Confetti rained down and costumed characters of Bugs Bunny and Daffy Duck looked on as an over-sized red button was pushed by Warner Bros. Entertainment chief executive Kevin Tsujihara and Mohamed Khalifa Al Mubarak, chairman of the park’s developer, government-owned Miral Asset Management. Warner’s parent WarnerMedia is the first Hollywood studio to have its own theme park in the Middle East and it took more than the wave of a magic wand to get there.

In a bid to compensate for its depleting oil reserves Abu Dhabi’s government is diversifying its revenue and banking on boosting tourism. It is throwing its weight behind theme parks and has covered the $1 billion cost of building Warner Bros. World. The Prince Charming behind it is Al Mubarak, a graduate of Boston’s Northeastern University and a self-confessed comics and cartoon fanatic.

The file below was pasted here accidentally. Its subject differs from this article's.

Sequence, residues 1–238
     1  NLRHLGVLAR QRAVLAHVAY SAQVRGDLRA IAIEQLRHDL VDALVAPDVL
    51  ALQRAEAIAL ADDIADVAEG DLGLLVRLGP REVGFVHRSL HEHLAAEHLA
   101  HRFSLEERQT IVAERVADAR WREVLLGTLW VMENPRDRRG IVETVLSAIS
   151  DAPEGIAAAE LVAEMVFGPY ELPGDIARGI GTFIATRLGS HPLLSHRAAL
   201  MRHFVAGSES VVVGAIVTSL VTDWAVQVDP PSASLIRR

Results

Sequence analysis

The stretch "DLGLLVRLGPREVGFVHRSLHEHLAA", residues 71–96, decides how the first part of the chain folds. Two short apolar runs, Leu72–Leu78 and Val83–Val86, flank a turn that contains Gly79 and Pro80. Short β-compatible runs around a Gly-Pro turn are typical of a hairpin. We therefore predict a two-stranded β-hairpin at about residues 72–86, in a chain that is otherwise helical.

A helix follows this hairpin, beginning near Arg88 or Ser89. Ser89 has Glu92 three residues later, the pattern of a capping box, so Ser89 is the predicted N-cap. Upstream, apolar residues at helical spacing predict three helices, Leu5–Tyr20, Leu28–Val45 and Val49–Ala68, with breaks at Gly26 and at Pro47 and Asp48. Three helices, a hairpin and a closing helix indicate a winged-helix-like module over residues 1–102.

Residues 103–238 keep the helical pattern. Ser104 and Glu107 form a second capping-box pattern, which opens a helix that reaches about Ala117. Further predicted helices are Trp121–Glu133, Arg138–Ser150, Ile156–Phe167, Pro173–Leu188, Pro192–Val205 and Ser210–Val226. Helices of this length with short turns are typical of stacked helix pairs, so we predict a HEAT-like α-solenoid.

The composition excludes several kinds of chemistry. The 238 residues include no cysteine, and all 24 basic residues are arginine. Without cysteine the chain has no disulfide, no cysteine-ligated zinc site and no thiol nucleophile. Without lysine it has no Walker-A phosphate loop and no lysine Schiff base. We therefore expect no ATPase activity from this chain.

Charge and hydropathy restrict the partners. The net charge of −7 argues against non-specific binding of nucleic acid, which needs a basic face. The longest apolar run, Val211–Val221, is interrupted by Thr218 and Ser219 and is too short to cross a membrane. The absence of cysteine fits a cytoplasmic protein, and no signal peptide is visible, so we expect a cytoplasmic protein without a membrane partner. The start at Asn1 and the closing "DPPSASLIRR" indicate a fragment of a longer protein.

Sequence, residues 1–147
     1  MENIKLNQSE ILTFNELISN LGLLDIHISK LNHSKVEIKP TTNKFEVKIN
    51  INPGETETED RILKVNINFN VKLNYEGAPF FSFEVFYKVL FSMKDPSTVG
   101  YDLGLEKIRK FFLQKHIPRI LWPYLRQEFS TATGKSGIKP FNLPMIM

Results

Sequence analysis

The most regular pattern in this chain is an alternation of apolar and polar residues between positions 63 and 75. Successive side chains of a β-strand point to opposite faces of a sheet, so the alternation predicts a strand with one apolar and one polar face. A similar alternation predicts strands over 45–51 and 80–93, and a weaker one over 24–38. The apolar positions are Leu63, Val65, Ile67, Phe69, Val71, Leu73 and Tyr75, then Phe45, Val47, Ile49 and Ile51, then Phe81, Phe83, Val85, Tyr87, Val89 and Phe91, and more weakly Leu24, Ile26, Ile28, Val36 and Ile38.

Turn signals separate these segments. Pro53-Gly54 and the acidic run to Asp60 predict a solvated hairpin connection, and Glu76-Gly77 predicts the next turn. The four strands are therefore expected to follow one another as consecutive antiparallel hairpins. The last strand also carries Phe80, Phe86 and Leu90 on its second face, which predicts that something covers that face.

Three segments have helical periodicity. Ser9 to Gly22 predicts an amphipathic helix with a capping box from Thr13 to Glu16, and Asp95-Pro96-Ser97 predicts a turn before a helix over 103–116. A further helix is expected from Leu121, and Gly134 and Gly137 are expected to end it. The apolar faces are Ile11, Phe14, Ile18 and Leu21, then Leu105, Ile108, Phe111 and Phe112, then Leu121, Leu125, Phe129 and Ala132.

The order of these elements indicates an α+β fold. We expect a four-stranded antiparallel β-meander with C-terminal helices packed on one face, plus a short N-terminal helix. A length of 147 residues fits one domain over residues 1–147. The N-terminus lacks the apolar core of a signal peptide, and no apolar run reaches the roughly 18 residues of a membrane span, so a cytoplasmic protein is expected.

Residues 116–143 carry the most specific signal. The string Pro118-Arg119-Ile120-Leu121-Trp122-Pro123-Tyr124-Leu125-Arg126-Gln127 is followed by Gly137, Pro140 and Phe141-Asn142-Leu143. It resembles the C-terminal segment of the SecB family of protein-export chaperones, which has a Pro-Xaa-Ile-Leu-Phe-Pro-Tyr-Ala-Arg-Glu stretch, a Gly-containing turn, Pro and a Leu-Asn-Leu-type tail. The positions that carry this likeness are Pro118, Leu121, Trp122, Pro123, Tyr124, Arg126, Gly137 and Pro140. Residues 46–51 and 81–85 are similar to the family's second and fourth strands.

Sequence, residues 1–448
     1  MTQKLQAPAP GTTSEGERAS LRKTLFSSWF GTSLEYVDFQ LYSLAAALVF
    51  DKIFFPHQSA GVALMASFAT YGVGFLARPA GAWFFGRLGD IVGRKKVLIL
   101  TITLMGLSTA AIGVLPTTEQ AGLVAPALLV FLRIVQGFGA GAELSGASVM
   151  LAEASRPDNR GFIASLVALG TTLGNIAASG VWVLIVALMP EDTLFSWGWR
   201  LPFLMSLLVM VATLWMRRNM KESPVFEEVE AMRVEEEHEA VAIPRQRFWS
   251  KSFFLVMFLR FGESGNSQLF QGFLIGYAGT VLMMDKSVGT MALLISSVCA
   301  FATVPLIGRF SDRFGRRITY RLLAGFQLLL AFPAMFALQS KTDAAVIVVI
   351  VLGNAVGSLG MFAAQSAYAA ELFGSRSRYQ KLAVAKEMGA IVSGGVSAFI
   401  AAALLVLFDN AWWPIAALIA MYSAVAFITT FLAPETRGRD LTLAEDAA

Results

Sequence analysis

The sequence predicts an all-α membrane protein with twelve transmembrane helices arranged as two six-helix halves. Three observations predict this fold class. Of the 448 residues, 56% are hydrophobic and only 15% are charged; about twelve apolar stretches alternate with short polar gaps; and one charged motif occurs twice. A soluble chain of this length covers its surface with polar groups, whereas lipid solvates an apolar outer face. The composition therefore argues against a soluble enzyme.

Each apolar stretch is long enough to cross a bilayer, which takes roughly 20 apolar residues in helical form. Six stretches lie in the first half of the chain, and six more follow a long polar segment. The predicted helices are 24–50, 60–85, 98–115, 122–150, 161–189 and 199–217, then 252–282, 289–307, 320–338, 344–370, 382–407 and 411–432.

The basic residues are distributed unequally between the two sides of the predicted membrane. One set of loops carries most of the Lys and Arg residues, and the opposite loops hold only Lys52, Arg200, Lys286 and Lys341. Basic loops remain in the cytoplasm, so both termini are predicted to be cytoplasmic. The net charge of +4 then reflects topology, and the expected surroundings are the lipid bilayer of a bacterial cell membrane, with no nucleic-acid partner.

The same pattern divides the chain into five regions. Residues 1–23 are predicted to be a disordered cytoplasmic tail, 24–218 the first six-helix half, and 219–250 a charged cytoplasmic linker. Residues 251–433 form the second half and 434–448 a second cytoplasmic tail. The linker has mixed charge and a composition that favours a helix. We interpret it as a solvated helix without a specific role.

“I am a big fan of the Warner Bros. movies and their Intellectual Property (IP) whether it is DC, Looney Tunes or Hanna-Barbera,” he told us in an interview. “I watched the cartoons growing up, read the comics growing up, still read the comics today and still watch the movies. They are some of the best movies I have ever watched.”

In addition to being the head of Miral, which specializes in building visitor attractions, Al Mubarak is also chairman of Aldar Properties, the leading real estate developer in Abu Dhabi. With assets of $10 billion and more than 75 million square meters of development land it is an economic powerhouse so it’s perhaps no coincidence that Al Mubarak’s favorite superhero is also a titan of industry.